You’ve all heard the saying ‘follow your heart’. You would have also been told at some point in your life that you should trust your gut (even though, like most of us, you probably let your head take control and get in its own way most of the time.

The thing is though, if your goal is to be as healthy as possible, then you should be paying attention to both of these parts of your body. And that’s because the body’s mechanism of your heart, the cardiovascular system, and your gut, the digestive system, are intrinsically connected. Why? Well, because everything in your body is linked, which is rather obvious, really. However, when it comes to the microbiome of your gut and how healthy or unhealthy it is, those same microbes can either help or cause severe damage to your heart.

For example, one study has shown that if there is bad bacteria like too much candida living in the upper digestive tract and small intestines, then atherosclerosis can become an issue. Atherosclerosis  develops when the arteries are narrowed by  the build up of deposits such as cholesterol, minerals and fats .This can eventually lead to a rise in blood pressure, which increases the potential of having a heart attack or stroke.

Another way bad gut bacteria affects your heart is because the chemicals that they produce increase inflammation. And you should be aware that uncontrolled chronic inflammation is not only damaging to your blood vessels, but also to the heart’s muscle and valves. If the heart doesn’t function properly, then blood will clot more easily and cause your blood pressure to spike even more.

The thing is, many of us have dealt with bad bacteria in our gut at one time or another. And that’s because things like birth control pills, recreational drugs, steroids, oestrogen replacement therapy and a poor diet are all known as common factors that contribute to an imbalance in the microbiome. This imbalance will eventually result in an overgrowth in candida fungus. In addition, if you’ve ever had chemotherapy, drink too much alcohol, take more than one course of antibiotics a year or are dealing with chronic stress, then candida can run riot in your gut, which can lead to heart problems eventually.

And it’s not just bloating and constipation that are warning symptoms of an imbalanced microbiome. An over proliferation of bad gut bacteria, candida or other organisms, can result in conditions such as:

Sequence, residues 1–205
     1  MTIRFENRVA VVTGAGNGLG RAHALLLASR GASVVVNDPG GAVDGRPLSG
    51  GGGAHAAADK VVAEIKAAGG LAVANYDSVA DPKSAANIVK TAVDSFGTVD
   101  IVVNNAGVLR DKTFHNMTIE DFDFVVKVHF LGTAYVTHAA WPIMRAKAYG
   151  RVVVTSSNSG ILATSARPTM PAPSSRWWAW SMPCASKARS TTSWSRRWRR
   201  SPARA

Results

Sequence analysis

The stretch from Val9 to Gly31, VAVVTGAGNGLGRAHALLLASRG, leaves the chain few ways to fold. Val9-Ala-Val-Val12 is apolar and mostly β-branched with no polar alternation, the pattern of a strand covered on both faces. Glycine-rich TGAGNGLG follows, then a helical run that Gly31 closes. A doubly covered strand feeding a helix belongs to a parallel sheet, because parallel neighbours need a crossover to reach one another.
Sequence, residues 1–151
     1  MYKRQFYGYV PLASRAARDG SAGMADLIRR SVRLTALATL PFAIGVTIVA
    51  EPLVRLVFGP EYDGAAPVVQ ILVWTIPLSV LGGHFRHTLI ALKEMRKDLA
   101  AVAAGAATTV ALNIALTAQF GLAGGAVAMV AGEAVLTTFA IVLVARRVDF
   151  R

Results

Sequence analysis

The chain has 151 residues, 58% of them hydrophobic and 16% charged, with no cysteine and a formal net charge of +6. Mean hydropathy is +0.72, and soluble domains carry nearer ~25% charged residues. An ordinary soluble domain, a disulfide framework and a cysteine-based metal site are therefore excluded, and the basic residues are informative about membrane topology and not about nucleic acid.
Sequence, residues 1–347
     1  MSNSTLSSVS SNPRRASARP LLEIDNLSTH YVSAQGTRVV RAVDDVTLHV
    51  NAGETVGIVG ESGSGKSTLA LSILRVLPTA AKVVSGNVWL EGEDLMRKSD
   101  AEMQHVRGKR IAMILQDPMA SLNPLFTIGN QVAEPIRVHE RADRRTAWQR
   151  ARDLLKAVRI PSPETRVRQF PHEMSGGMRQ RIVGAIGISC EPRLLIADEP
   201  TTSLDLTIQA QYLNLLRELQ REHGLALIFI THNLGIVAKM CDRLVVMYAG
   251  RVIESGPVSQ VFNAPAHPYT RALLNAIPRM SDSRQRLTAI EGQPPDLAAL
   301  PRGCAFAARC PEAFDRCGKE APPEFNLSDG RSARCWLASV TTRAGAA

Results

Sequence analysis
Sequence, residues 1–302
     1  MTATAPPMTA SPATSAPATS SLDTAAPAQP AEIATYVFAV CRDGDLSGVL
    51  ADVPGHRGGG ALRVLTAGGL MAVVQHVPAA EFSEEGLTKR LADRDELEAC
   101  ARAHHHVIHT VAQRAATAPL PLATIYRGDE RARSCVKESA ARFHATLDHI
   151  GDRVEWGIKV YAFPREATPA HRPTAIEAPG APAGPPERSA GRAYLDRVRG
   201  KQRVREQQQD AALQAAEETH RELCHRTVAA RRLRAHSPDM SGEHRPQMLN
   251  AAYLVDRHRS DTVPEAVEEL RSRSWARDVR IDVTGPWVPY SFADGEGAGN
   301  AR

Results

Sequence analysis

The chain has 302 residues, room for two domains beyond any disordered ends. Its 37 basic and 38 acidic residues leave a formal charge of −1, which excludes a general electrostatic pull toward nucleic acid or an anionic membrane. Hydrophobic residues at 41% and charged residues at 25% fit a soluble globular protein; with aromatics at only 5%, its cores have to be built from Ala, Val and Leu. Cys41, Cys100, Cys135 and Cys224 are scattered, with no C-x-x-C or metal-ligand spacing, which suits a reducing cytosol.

• Anxiety
  • Crohn’s Disease
  • Fibromyalgia
  • Non-alcoholic fatty liver disease
  • Restless Leg Syndrome
  • Rheumatoid arthritis
  • Rosacea
  • Visceral fat (on the belly)

Get The Balance Right

Keeping your gut happy is all about balance. Your gut needs both good and bad bacteria in order to function properly, but when you do things like take antibiotics or eat too many sugary foods, then this allows the bad bacteria to reproduce and take over. Instead, you want your good bacteria to thrive, in order to keep the bad guys in check. Healing an unhealthy gut microbiome isn’t an easy task, but it is a necessary one if you want to keep your heart healthy and working properly.

Doing a detox to facilitate the healing of your gut would be a good thing to do, not only to help you lay the foundations of healthy eating for life, but also to help you release some bad gut bacteria. Click here to read my blog Going Deep On Detox for more information. But if you’re not quite ready to start a detox, you can do things like add more plants to every plate that you eat. You can even include fermented vegetables like these delicious pickles. By adding fermented foods to your healthy eating regime, you will be supporting your digestive health with the restoration and maintenance of good bacteria. This causes a probiotic effect that will reach the gut, unlike many supplements that don’t make it to your intestines, due to the acids in your stomach. Organic yogurt, especially those made from coconut milk, and organic miso also contain healthy microorganisms that can help rebalance your gut microbiome.

You may also want to completely eliminate your sugar intake for a period of time — aim for 10 days, but perhaps commit to 3-4 days and see how far you can get from there. And when we say sugar, this includes lactose dairy products, all complex carbohydrates, including white rice and potatoes, and alcohol. If you commit to this, know that it’s likely you will experience a ‘crash’ after about the third day, which can cause you to feel irritable and maybe even angry. This is a normal symptom. Keep drinking plenty of clean water and perhaps take a yoga or meditation class to help you deal with these bad bacteria ‘die-off’ symptoms. I promise you’ll feel better in a day or two and have much more energy. Your skin will also look brighter and you’ll even find you will be sleeping better. And if you increase your vitamin D3 intake during the process, then it’s possible that the die-off symptoms during your detox won’t be as severe.

You now know that your digestive system plays a key role in your heart’s health, so you need the right balance for your gut flora to thrive. If you need a little supplement help, Nature’s Sunshine Black Walnut & Pumpkin Seed Intestinal Cleanse could be the answer you’ve been looking for.


This supplement has been formulated to support healthy gut flora. Both black walnut and pumpkin seed are known for their astringent, antibacterial, antifungal and anti-inflammatory properties. These powerful ingredients are also some of the best natural sources of magnesium, which helps to regulate your blood pressure and reduce the potential for developing heart disease.

I hope you’ve enjoyed getting to the heart of the matter about your gut health. By following these simple tips, you will be well on your way to healing your gut, perhaps drop a dress size as a bonus, and keep your heart pumping happily for much longer.

Love, Gaynor x

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